The Somatic Reflexes

We are constantly required to react and adapt to our changing environment. Our bodies react to protect us and move into action. Thomas Hanna identified three basic responses:


Green Light (Landau Response)​​
​In our fast moving society, we are constantly placing demands on our bodies to move and go! The phone rings, our boss asks  us for a report, a child tugs at your hand - we let ourselves react to all of these demands. Our backs are constantly called to attention in order to attend to all of these daily tasks. The “green light” reflex is activated everyday. It allows us to leap into action.  Just like a soldier standing at attention: shoulders pulled back and down, chin up, pelvis tipped forward, legs turned out slightly. These are all activated green light muscles. Habituated contractions of our green light muscles can lead to back and shoulder pain, herniated discs, lower back pain, and TMJ issues.​

Red Light Reflex (Startle Response)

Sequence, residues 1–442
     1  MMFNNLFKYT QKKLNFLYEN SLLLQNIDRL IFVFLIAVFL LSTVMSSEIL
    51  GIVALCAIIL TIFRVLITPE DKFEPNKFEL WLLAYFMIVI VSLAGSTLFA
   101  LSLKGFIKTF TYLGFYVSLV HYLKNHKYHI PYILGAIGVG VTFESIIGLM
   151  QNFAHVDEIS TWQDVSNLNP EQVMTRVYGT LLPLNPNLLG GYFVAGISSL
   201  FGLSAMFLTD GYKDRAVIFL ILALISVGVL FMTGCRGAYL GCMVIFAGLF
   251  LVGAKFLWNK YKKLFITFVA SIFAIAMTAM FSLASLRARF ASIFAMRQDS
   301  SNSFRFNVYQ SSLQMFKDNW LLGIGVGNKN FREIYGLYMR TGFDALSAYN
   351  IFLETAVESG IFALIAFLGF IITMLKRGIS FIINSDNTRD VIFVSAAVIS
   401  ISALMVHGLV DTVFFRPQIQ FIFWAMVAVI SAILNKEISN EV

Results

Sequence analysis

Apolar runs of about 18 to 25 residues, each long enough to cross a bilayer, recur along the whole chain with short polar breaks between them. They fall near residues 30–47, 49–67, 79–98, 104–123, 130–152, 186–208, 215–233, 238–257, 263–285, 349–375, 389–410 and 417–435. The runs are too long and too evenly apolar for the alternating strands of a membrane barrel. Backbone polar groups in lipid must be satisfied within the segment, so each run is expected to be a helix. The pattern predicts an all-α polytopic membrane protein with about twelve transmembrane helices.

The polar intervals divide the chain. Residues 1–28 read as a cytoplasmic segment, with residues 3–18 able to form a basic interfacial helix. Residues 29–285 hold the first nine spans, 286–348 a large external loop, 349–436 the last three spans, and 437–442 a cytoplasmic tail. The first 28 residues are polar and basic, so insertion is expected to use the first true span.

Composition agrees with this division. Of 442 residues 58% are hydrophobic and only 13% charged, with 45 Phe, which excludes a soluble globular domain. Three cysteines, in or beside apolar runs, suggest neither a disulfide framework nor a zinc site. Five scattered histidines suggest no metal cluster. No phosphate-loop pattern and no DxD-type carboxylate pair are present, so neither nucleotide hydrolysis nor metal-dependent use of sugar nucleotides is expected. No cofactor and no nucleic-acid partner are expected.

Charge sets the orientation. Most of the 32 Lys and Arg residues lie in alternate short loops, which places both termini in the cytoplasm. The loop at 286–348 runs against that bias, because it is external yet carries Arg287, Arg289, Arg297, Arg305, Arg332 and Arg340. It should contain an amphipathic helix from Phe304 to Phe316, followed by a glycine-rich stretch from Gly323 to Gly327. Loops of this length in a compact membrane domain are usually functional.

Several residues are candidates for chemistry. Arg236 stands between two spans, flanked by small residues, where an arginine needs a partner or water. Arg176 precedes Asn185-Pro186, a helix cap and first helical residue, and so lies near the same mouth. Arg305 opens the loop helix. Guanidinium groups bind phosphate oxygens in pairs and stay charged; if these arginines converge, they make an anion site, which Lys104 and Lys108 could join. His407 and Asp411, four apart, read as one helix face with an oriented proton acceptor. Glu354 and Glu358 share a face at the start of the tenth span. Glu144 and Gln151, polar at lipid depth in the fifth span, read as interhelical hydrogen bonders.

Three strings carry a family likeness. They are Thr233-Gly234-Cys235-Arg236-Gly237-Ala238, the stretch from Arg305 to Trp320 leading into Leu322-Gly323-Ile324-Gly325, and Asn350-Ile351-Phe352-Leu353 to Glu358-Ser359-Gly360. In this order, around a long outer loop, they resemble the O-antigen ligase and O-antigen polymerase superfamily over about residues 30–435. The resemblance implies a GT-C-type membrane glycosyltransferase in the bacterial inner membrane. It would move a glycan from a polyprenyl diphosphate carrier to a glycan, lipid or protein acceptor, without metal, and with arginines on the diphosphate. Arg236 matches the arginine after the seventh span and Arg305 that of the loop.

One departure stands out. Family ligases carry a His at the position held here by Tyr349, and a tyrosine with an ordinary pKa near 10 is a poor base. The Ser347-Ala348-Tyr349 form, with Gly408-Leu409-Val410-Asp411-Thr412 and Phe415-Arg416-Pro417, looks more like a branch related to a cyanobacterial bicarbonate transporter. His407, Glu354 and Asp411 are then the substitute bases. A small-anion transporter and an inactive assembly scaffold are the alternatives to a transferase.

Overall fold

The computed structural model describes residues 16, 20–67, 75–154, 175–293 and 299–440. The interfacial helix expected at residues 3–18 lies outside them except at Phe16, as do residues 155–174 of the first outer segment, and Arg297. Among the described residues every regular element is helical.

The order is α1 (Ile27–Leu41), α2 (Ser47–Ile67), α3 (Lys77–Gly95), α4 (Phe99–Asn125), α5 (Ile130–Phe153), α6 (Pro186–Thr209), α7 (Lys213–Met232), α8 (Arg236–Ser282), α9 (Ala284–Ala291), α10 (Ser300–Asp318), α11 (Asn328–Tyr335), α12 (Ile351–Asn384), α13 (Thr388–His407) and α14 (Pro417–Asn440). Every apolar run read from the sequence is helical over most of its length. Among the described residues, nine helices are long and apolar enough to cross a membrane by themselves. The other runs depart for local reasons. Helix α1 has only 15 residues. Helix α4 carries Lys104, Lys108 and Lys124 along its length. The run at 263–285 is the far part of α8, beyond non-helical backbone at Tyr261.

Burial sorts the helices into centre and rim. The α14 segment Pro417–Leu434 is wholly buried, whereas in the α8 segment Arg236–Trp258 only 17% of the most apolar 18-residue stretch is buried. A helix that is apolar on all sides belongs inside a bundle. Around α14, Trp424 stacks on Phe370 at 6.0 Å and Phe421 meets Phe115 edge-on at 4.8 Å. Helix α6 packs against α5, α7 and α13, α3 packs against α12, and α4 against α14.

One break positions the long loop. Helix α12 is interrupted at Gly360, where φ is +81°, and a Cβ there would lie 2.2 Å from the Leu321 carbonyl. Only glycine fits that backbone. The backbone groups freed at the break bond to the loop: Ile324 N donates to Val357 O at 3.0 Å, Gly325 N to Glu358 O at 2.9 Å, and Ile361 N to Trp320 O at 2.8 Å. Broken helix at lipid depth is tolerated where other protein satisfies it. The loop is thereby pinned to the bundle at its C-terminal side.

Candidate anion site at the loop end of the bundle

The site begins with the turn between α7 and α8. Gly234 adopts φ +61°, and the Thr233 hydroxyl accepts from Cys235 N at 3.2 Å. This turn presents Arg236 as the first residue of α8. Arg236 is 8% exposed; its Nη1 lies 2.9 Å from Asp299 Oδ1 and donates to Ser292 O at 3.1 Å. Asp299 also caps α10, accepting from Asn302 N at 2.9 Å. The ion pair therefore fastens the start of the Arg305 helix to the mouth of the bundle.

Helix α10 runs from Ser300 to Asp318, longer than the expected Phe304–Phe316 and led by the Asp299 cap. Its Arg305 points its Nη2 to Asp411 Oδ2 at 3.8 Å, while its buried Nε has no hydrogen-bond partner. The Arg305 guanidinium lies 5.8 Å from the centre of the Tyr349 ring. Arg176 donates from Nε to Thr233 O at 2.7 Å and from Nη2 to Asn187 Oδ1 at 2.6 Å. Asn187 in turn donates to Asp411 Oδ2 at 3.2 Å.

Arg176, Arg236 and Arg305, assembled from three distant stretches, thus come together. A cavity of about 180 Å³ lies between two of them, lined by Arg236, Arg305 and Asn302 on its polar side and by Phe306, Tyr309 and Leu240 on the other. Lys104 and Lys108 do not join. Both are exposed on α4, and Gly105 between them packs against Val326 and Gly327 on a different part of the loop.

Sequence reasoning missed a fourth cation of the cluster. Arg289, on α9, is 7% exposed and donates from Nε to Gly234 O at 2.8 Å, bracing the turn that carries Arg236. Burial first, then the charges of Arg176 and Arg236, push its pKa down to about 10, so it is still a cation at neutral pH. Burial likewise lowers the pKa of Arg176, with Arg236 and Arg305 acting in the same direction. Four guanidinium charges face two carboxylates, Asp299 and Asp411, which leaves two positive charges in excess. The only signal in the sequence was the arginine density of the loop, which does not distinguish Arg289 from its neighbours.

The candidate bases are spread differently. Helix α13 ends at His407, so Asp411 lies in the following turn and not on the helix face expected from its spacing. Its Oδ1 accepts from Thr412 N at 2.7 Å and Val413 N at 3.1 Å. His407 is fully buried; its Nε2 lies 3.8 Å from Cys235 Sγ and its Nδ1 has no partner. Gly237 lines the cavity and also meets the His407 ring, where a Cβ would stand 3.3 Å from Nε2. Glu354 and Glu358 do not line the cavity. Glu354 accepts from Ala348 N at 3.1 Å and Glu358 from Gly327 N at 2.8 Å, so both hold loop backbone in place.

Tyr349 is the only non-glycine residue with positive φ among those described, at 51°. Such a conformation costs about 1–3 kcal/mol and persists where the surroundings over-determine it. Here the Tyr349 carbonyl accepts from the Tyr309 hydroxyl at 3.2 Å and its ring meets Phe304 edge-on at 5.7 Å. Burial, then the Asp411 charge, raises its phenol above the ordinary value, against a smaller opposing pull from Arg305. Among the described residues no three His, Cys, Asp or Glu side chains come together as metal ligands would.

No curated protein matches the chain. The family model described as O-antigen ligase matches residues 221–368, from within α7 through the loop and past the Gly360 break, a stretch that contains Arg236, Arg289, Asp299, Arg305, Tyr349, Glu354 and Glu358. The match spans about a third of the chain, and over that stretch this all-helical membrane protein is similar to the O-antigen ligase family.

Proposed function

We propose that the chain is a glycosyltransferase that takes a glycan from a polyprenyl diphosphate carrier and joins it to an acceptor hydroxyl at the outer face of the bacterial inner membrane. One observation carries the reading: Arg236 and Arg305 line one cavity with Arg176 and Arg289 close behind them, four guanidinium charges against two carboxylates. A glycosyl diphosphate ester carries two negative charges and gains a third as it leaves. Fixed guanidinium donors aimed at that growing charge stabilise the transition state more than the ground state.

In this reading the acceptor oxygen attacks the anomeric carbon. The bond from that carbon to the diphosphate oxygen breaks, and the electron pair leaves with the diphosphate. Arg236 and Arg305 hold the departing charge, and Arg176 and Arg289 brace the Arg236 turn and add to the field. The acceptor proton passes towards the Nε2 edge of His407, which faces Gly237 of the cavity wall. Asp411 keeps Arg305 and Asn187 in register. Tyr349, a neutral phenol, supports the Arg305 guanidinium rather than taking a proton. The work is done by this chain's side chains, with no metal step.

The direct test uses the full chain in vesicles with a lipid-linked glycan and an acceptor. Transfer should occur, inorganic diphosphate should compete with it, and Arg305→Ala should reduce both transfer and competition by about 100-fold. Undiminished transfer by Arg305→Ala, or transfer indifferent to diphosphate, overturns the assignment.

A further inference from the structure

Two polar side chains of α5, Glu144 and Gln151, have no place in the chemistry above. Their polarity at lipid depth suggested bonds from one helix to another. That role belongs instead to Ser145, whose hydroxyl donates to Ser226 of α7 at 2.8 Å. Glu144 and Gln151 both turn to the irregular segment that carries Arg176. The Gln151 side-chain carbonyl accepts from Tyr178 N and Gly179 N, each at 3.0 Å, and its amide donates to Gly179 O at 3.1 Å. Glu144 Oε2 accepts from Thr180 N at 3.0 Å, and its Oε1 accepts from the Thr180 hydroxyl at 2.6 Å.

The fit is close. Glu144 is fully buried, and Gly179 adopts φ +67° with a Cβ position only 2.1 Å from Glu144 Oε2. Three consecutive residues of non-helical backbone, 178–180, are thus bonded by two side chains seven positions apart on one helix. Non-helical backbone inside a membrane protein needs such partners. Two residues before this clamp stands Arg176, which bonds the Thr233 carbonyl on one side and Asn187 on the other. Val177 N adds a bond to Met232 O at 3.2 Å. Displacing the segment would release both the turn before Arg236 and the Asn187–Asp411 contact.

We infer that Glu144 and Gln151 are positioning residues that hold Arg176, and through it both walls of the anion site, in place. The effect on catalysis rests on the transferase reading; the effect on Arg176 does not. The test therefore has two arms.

All animals have this protective reflex to withdraw from a dangerous or threatening situation. Our backs round, shoulders curl forward, pelvis tucks under to protect our very vulnerable underbellies. Rarely do we humans have to protect ourselves from a wild animal, so our red light reflex will engage when we hear a loud noise, become scared, or have a sudden shock. It will also engage when we feel emotionally threatened. The red light posture has shoulders slumping forward, pelvis tucking under, chin jutting forward, knees pointing in toward each other.  We can also learn the red light reflex from long hours spent driving or sitting in front of a computer. Repeated red light contractions can lead to long term issues such as neck and shoulder pain, shallow breath, respiratory issues, reproductive issues, and knee problems.


Trauma Reflex
The trauma reflex is related to side and waist issues in order for the body to avoid an injury. These side muscles become engaged to protect the body to compensate for the injury. Once the injury has healed, if these muscles do not eventually release they can lead to more permanent postural deviations, which then can lead to other issues such as sleep disorders, fatigue, and respiratory problems. Long term trauma muscle issues include sciatica, scoliosis, "long or short leg syndrome", or one shoulder lower or higher than the other. These issues are easily corrected with Somatic exercises.